space vote, coast to coast

How astronauts vote from space

Elena Scotti/FUSION

In 1997, scientist David Wolf wanted to vote in a local election, but he couldn’t make it to a polling location. Of course, between the long lines and broken machines, voting is a hassle for everyone. But Wolf had an entirely different problem: He was more than 200 miles above the Earth in space, orbiting the planet at around 17,000 miles per hour. How would he fulfill his civic duty? Enter: “space voting.”

Astronauts gained the ability to vote from space in 1997, when the Texas legislature approved a new voting system. Then governor George W. Bush signed a bill which allowed absentee ballots from astronauts in orbit. (Most American astronauts live in Texas, near Houston’s Johnson Space Center.) In the 2016 presidential election, astronauts Shane Kimbrough and Kate Rubin were able to vote from space.

Here’s how space voting was implemented: A year before launching, astronauts select which elections (federal/state/local) they’d like to vote in. Then, six months before they begin, they are emailed an encrypted PDF of the ballot from Johnson Space Center Mission Control. They then send it back to the Texas county clerk, who fills out a standard ballot with their choices.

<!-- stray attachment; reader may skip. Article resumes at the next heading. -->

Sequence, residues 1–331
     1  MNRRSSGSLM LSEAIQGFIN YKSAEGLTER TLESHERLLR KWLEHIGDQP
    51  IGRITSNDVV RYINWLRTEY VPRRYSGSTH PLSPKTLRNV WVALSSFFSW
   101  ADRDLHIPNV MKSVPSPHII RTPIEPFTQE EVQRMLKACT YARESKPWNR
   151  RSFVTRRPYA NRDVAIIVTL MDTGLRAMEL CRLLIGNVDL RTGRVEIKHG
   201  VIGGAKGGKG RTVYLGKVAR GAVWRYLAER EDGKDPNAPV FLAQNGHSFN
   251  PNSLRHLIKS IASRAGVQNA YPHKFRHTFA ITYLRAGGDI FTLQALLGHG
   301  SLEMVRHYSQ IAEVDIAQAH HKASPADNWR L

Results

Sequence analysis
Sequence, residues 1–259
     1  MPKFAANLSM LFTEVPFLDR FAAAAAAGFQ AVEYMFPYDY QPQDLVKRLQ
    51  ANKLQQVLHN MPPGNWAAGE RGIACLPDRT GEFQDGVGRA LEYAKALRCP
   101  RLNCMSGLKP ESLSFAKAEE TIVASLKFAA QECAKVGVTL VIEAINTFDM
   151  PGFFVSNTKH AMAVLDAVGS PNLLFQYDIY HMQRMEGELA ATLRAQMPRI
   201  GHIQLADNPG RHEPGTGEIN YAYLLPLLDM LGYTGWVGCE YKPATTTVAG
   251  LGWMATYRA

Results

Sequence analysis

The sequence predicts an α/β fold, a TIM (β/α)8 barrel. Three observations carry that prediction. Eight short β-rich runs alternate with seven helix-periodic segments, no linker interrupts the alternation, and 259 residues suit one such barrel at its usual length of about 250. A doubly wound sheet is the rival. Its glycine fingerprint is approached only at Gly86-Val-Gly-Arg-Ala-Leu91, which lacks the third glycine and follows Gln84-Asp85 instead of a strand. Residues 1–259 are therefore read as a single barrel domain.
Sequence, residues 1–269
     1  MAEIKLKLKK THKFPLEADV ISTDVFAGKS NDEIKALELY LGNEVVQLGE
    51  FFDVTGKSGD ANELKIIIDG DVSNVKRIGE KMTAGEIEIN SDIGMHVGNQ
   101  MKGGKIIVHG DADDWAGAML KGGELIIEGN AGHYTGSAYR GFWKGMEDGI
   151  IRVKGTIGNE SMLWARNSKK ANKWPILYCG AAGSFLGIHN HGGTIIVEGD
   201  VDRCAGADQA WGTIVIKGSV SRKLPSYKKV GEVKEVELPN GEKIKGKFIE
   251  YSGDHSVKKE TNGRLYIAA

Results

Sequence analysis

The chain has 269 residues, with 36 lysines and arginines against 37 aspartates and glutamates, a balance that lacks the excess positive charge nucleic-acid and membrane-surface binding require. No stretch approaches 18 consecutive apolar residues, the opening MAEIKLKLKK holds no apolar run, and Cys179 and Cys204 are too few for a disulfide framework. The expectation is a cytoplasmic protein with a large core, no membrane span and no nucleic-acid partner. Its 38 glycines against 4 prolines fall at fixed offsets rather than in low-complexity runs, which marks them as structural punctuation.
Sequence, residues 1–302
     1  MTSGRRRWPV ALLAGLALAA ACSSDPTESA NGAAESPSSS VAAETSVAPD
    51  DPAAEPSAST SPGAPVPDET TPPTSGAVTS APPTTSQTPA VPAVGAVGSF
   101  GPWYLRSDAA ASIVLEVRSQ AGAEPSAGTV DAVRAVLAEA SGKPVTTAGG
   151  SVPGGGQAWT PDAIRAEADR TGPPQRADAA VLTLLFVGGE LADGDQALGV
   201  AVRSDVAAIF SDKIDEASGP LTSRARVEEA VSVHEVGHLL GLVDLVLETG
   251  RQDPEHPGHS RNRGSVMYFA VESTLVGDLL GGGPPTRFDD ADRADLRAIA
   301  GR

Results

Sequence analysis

“It’s something that, you know, you might or might not expect it to mean a great deal,” Wolf told NPR. “But, when you’re so removed from your planet, small things do have a large impact.”

Now that voting from low-Earth orbit is accepted, it’s time we discuss the real question at hand: voting from Mars. In September, tech magnate and Space X CEO, Elon Musk, announced a plan for sending hundreds of people to live out their days on the planet. And weeks later, Obama announced a partnership between NASA and six private companies to tackle the same project, setting up a veritable “space race” in the private sector to colonize Mars.

The first few generations on Mars, at least, may have to skip out on voting. Musk estimates it takes 26 months to travel there from Earth, meaning absentee ballots would take four and a half years to get there and back. But it’s entirely possible voting from Mars may one day be as simple as filling out a PDF file, similar to how space voting works. Maybe in the 2050s our elections will be multi-planetary and even crazier.